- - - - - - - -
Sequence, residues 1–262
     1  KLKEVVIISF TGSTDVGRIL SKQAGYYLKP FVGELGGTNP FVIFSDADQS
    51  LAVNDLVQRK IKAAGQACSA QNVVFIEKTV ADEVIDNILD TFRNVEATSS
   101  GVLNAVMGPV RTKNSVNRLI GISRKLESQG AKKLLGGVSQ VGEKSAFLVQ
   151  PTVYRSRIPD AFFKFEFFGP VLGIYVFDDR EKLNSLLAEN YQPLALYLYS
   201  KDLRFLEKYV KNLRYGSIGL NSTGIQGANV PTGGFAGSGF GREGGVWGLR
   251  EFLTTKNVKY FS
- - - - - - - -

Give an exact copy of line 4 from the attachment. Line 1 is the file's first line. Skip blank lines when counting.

   101  GVLNAVMGPV RTKNSVNRLI GISRKLESQG AKKLLGGVSQ VGEKSAFLVQ